PI: Theo Sandfort
National Institute of Mental Health R01; 2008 - 2012
South African men who have sex with men (MSM) are an understudied population in HIV/AIDS epidemiological and social science research. However, evolving evidence indicates that sexual risk behavior among these men is common, and strongly associated with the use of alcohol. Self-report data suggest that HIV prevalence in this population is as high as or higher than the overall high rate of infection among the general South African population. Due to the association of HIV/AIDS with poverty, African MSM in townships seem to be at particular risk for HIV infection. As a result of these gaps in our knowledge, there is a lack of targeted, culturally appropriate, evidence-based interventions addressing HIV risk in this population and the resources for effective prevention are limited.
The aims of the proposed study are (1) to assess the prevalence of HIV among African MSM living in South African townships and identify which behavioral, psychosocial, and network characteristics distinguish infected MSM from non-infected MSM; (2) to identify the structural and psychosocial correlates of sexual risk behavior in these men, with a particular focus on the role of alcohol use; and (3) to describe the social organization of same-sex sexual practices of these men and identify structural and psychosocial factors that affect how these practices are experienced.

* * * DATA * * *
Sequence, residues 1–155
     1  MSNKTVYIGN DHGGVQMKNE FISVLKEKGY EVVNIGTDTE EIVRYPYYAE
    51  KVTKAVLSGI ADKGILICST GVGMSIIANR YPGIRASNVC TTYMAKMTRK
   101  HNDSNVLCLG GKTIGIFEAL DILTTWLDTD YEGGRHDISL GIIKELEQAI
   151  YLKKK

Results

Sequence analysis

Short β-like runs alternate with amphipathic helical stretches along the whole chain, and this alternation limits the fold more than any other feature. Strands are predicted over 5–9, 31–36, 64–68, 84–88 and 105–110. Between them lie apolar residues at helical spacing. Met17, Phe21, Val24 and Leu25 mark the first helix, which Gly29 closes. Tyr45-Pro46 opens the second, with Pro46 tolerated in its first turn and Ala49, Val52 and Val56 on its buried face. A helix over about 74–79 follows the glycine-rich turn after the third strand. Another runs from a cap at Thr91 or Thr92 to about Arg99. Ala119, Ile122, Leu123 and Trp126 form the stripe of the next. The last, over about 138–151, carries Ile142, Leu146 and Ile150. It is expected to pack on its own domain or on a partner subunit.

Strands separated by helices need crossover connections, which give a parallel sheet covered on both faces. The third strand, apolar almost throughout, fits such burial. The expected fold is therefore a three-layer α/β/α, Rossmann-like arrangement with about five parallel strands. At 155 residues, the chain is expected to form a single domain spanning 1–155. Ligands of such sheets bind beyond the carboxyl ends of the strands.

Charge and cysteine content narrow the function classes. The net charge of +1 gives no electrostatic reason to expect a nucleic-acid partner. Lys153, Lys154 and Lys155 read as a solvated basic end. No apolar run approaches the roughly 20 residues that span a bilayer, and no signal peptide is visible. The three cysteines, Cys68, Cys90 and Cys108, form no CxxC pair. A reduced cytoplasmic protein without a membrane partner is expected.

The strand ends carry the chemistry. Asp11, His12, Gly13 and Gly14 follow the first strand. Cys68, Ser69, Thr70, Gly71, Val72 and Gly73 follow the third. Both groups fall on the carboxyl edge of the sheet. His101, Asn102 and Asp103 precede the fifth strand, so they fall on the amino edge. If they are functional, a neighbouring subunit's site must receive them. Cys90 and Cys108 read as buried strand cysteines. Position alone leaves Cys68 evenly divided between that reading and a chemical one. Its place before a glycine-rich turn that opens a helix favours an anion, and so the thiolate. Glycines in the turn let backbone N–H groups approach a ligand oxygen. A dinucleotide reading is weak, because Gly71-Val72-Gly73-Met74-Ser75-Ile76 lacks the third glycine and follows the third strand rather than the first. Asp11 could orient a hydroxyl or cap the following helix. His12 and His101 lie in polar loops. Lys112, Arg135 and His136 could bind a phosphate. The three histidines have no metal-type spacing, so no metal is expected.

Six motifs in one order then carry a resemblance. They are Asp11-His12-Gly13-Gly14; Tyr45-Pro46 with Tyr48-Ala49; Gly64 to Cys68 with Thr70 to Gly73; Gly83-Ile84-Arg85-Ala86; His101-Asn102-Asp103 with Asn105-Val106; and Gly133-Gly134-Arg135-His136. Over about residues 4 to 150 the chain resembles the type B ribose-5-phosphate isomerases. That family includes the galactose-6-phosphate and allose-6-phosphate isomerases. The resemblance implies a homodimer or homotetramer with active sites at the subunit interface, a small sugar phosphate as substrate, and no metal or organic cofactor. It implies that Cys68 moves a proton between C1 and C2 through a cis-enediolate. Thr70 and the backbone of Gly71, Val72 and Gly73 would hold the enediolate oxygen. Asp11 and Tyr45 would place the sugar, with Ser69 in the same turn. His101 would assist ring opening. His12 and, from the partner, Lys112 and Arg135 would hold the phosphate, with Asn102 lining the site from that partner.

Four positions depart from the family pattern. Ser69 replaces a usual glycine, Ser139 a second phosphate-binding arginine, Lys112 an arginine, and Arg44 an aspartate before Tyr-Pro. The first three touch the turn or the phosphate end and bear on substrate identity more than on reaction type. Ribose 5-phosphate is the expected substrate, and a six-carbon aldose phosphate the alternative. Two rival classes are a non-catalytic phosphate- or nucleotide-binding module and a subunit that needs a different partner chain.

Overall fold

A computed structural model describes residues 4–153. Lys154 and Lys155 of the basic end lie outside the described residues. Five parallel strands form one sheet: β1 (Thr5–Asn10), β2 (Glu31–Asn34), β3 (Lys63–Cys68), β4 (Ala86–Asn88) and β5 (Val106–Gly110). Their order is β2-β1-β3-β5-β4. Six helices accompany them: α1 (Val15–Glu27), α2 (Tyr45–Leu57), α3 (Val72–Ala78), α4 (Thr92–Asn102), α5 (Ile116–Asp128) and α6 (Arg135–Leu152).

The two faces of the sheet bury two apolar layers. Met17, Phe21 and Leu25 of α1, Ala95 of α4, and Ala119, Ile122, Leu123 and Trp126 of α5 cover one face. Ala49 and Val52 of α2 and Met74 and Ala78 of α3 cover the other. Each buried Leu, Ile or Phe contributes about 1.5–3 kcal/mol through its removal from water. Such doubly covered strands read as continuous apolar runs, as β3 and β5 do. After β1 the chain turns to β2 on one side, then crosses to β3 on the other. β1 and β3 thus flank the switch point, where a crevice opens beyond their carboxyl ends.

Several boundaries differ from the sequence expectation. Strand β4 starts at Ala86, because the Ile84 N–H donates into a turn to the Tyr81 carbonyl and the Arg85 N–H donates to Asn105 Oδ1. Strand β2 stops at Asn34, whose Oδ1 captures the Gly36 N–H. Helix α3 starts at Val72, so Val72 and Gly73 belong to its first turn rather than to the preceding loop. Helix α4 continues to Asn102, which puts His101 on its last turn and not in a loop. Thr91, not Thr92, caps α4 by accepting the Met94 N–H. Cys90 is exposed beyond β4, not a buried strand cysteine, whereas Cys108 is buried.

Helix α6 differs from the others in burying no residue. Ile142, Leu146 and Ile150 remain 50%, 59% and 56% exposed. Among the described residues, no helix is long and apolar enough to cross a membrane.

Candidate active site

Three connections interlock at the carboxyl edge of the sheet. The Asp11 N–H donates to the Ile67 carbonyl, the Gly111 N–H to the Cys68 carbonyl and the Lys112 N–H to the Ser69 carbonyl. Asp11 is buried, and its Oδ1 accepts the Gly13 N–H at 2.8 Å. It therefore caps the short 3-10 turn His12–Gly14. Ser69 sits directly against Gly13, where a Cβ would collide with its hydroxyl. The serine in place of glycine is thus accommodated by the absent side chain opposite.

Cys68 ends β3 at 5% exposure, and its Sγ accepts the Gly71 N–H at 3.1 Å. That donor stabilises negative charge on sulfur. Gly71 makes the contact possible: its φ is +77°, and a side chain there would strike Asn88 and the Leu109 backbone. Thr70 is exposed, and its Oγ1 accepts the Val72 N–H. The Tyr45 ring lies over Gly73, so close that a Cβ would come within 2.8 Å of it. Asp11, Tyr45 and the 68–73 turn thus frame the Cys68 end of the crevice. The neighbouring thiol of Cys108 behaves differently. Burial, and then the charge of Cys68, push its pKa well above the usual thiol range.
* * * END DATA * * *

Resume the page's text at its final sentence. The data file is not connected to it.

To accomplish these aims, the proposed study combines HIV testing, a survey, and ethnography. Using ethnographic observations, ethnographic mapping, in-depth interviewing and of 20 key informants and 80 members from the target population, we will first study the lives of African MSM in four townships that are part of the Tshwane Municipality (the greater metropolitan area that includes Pretoria). Ethnography will elucidate how male same-sex sexuality and risk is structured in terms of practices, identities, networks, and communities, and inform future development or adaptation of prevention strategies. Building on the ethnographic phase, we will survey 500 men residing in Tshwane who engage in same-sex sexual practices with men (either exclusively of or in conjunction with sexual interactions with women) recruited via Respondent-Driven Sampling. The survey will identify structural and psychosocial correlates, particularly the role of the use of alcohol and other substances in sexual risk behavior. HIV testing of survey participants will allow us to identify risk factors of HIV infection, enabling us to target HIV prevention efforts to specific behaviors, subgroups of MSM, or their female partners, and to determine the correspondence between the study participant’s presumed and actual serostatus.
In the final phase of the proposed study and based on the study’s outcomes, the research team will in collaboration with community partners design an intervention; feasibility and effectiveness of this intervention will be tested in a subsequent study.